US Army Major Harrison Mann quits over Israel’s “ethnic cleansing” of Palestinians. 


By Julia Conley

“As the descendant of European Jews, I was raised in a particularly unforgiving moral environment when it came to the topic of bearing responsibility for ethnic cleansing,” wrote Maj. Harrison Mann.

An American Army officer on Monday described months of being increasingly disturbed by the images and news of Israel’s U.S.-backed bombardment of Gaza, which culminated in his public resignation from his position at the Defense Intelligence Agency to avoid further complicity in Israel’s “ethnic cleansing” of Palestinians. 

Army Maj. Harrison Mann published his resignation letter on LinkedIn, saying he had distributed it internally on April 16 to announce his resignation from the agency.

As an officer at the DIA, Mann said, he has been unable to escape the fact that his place of work “directly executes policy” for the Biden administration, including its “nearly unqualified support for the government of Israel, which has enabled and empowered the killing and starving of tens and thousands of innocent Palestinians.”

“My work here—however administrative or marginal it appeared—unquestionably contributed to that support,” wrote Mann. 

He described wrestling with the question of whether he could continue working at the DIA, reasoning with himself that, “I don’t make policy and it’s not my place to question it.”

With the overwhelming majority of Gazans uprooted, Israel is driving its policy of ethnic cleansing in the enclave by demolishing their dwellings, according to an expert. Jeff Halper, director of the Israeli Committee Against House Demolitions, told Anadolu that Tel Aviv wants to transform an Arab country into a Jewish one.

“However, at some point it became difficult to defend the outcomes of this particular policy,” Mann wrote. “At some point—whatever the justification—you’re either advancing a policy that advances the mass starvation of children, or you’re not.”

At the time Mann sent his letter to his colleagues, Israel was conducting airstrikes and preparing its ground invasion of Rafah, the southern Gaza city that over 1 million Palestinians have been forcibly displaced to since October.

Israel has continued to block aid to Gaza even after saying in early April it would open a crossing and a port, and has now pushed the enclave into what the United Nations World Food Program chief said earlier this month was a “full-blown famine.” Dozens of people have died of starvation. At least 35,091 people who have been killed in Israel’s military assault—two-thirds of those killed have been women and children, despite Israel’s claim it is targeting Hamas fighters.

Mann wrote that as the bombardment dragged on and U.S. President Joe Biden’s defense and funding of the Israel Defense Forces (IDF) continued, his mind turned to his European Jewish relatives.

“As the descendant of European Jews, I was raised in a particularly unforgiving moral environment when it came to the topic of bearing responsibility for ethnic cleansing—my grandfather refused to ever purchase products manufactured in Germany—where the paramount importance of ‘never again’ and the inadequacy of ‘just following orders’ were oft repeated,” wrote Mann. “But I also have hope that my grandfather would afford me some grace; that he would still be proud of me for stepping away from this war, however belatedly.”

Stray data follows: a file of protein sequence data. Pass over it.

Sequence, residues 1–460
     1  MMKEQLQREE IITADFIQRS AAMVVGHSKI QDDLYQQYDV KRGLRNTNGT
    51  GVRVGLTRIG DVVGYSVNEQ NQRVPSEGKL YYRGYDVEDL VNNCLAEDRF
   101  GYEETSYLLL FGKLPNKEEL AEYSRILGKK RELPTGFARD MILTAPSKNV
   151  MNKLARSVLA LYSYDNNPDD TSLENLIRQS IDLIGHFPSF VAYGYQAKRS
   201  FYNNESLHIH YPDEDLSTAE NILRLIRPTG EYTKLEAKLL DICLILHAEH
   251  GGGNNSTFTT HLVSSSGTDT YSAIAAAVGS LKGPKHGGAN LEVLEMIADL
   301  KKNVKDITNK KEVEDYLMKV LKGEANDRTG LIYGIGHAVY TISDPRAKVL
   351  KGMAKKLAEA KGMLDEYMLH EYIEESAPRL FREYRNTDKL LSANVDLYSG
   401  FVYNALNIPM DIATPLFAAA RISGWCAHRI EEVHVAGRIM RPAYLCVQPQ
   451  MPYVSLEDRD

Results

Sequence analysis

Mann publicized his letter about six weeks after foreign affairs officer Annelle Sheline resigned from her position at the U.S. State Department, saying her work in the human rights realm in the Middle East had become “impossible” in light of Biden’s material and political support for Israel’s assault on Gaza.

Education Department official Tariq Habash, a Palestinian American, also resigned in protest earlier this year, and a top official who oversaw arms transfers at the State Department, Josh Paul, stepped down in October, citing the Biden administration’s decision to send more arms to Israel as the war began. 

In February, U.S. Air Force member Aaron Bushnell died after self-immolating in front of the Israeli Embassy in Washington, D.C., having said he was engaging “in an extreme act of protest” to avoid being complicit in genocide.

On LinkedIn, Mann wrote Monday that he “received an unexpected outpouring of support” when he distributed his letter internally, and appeared to address other federal employees who may be questioning their complicity in Biden’s policies.

“I am sharing [the letter] now in the hope that you too will discover you are not alone, you are not voiceless, and you are not powerless,” wrote Mann.

Feds United for Peace, which includes employees across 30 federal agencies who have advocated for a cease-fire in Gaza, called Mann’s letter “incredibly significant.”

The New York Times reported that it is not known “whether other military officers have resigned in protest of U.S. foreign policy” since the Hamas-led attack on Israel in October and the IDF’s deadly retaliation, “but the resignation of an active-duty officer in protest of U.S. foreign policy is likely uncommon—especially one in which the officer makes public the reasons for doing so.”